Minnesota Adopts A Slew of New Employment Laws

Posted by MHB Admin

For the second straight year, the Minnesota Legislature passed a number of laws that expand the rights of workers around the state. The new laws include brand new programs and standards, as well as amendments to existing laws that have been in place for decades. The following list covers the changes that will go into effect in the coming months and years:

  • Minnesota Human Rights Act Amendments: This new law is the most significant overhaul of Minnesota’s anti-discrimination statutes in a generation. The changes include expansion of the definition of disability to cover more health conditions, recognition of all forms of harassment as unlawful discrimination, elimination of the cap on punitive damages for violations of the Act by private employers, and clarification that a jury can triple the amount of lost wage and emotional distress damages it awards a prevailing plaintiff.
  • Minimum Wage: The legislature eliminated the lower minimum wage for small employers and the exceptions to the minimum wage requirement that previously applied to certain hotel and resort employees and workers under the age of 18. The new law also mandates a higher annual increase of the statewide minimum wage.
  • Earned Sick and Safe Time: Building on the new law created during last year’s session that requires employers to allow workers to earn paid time off for sick and safe time, the legislature added damages and penalties that employees can recover if their employer refuses to let them earn or use that type of leave. 
  • Paid Family and Medical Leave Act: This law amends the Paid Family Leave Act that passed last session. The most significant change affecting workers’ rights is the addition of protections for people who seek to take family or medical leave without accessing the State’s financial benefits. The Paid Family and Medical Leave Act does not go into effect until January 1, 2026.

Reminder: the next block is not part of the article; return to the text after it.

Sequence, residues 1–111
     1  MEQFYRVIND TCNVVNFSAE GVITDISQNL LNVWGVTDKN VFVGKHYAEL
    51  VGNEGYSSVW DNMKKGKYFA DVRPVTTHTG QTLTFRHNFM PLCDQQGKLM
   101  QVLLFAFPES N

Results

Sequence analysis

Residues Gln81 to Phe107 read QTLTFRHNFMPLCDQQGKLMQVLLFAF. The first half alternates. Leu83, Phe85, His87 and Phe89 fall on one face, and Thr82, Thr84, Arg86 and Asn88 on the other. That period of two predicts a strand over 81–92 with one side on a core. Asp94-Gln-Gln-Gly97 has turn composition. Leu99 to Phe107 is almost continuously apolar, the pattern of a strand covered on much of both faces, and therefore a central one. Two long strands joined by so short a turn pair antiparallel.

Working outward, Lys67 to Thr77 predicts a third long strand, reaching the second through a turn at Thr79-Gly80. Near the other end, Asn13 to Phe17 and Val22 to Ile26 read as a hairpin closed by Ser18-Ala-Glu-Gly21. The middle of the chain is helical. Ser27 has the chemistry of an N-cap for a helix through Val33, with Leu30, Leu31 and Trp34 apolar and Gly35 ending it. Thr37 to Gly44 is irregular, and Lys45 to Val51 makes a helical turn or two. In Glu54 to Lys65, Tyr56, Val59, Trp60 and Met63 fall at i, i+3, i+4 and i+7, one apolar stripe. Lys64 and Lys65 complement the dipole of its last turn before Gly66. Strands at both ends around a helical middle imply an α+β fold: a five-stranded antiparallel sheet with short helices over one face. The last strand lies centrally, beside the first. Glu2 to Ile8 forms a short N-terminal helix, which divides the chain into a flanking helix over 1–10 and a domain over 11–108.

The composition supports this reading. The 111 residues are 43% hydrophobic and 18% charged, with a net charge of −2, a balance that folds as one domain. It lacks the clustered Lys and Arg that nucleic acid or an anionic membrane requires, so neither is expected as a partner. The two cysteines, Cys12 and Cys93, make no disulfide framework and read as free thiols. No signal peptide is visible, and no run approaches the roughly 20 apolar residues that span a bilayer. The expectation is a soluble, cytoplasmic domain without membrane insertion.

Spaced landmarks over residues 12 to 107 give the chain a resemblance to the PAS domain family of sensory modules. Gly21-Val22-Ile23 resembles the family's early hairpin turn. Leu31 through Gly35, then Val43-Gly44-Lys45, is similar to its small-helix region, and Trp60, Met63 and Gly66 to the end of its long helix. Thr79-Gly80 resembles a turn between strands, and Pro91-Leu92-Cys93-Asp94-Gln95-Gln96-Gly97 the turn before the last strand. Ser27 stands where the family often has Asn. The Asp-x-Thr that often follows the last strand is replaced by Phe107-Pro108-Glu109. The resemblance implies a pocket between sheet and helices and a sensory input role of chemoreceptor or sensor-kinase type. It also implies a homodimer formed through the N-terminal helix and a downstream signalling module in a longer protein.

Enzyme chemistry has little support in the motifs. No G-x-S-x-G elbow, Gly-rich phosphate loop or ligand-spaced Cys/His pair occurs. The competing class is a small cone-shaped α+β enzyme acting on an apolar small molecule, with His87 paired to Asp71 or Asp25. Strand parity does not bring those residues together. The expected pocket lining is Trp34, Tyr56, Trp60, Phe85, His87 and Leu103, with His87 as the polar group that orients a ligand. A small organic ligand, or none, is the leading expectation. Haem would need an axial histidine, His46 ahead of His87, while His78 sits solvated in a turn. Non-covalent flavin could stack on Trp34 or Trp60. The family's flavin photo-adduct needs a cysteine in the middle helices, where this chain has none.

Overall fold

• Misclassification: The legislature created a new cause of action for workers who are misclassified as independent contractors. Misclassified workers can now sue for damages and penalties.
  • Pregnancy and Parenting Leave: State law now requires that employees who take pregnancy or parenting leave be allowed to stay on their group health insurance.
  • Salary Transparency: Employers with 30 or more employees must now include the expected salary range and benefits in all job postings.
  • Drug Testing: Employers can now use oral fluid testing in situations where the law permits drug testing of workers.
  • Non-Solicitation Agreements: Businesses can no longer include non-solicitation-of-workers agreements in service contracts. This will address situations like when day care centers prohibit customers from hiring teachers as nannies or babysitters.
  • Rideshare Drivers: The legislature created a new minimum wage requirement for rideshare drivers that will be enforced by the Minnesota Department of Labor & Industry.  

Each of these new laws has its own effective date, meaning that although some of these changes are already the law of the land, most will not apply to workers and employers until July or August, if not later. In the coming weeks, MacDonald Hoague & Bayless will publish additional articles that dive into the details of some of the most significant changes on this list.

The impact of these changes will depend on the facts of each worker’s situation. If you think your rights are being violated in the workplace under any Minnesota or federal law, please contact the Minneapolis Office of MacDonald Hoague & Bayless at 612.349.2720.

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